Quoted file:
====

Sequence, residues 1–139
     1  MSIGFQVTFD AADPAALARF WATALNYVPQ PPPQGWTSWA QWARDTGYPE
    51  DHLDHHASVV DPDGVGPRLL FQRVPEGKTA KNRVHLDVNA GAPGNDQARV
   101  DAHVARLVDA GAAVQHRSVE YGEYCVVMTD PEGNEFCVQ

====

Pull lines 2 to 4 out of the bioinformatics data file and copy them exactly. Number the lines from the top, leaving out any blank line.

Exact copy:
     1  MSIGFQVTFD AADPAALARF WATALNYVPQ PPPQGWTSWA QWARDTGYPE
    51  DHLDHHASVV DPDGVGPRLL FQRVPEGKTA KNRVHLDVNA GAPGNDQARV
   101  DAHVARLVDA GAAVQHRSVE YGEYCVVMTD PEGNEFCVQ